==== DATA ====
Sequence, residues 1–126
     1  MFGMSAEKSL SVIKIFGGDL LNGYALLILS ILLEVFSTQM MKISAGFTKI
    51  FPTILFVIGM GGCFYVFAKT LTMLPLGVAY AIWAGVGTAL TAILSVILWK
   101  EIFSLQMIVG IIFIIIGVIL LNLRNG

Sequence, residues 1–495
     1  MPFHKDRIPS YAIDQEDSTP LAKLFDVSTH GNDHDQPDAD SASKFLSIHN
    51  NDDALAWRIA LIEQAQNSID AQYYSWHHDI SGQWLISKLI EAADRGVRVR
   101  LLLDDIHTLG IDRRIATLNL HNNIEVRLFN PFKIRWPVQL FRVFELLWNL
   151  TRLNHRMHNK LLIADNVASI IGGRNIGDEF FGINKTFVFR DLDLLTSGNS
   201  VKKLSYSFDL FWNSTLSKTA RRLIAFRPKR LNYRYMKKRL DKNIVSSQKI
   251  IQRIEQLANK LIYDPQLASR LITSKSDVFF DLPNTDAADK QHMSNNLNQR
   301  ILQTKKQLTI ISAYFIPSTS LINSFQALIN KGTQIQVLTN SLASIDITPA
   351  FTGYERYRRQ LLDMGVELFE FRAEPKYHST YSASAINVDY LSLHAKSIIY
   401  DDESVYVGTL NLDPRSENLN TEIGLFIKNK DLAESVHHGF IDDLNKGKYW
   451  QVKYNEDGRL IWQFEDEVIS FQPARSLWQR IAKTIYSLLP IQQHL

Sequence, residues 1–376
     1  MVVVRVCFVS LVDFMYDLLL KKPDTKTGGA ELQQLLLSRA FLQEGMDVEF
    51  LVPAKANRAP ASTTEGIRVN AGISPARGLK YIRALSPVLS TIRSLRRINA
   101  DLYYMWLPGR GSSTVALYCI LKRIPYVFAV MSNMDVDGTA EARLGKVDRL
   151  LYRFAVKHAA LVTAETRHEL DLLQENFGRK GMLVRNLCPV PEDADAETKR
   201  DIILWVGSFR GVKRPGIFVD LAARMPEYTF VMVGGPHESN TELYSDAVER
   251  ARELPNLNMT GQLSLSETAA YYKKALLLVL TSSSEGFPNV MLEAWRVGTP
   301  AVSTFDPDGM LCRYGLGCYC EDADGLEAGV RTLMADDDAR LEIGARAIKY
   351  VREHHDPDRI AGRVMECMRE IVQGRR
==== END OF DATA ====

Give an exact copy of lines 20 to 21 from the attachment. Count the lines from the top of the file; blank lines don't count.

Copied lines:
   151  LYRFAVKHAA LVTAETRHEL DLLQENFGRK GMLVRNLCPV PEDADAETKR
   201  DIILWVGSFR GVKRPGIFVD LAARMPEYTF VMVGGPHESN TELYSDAVER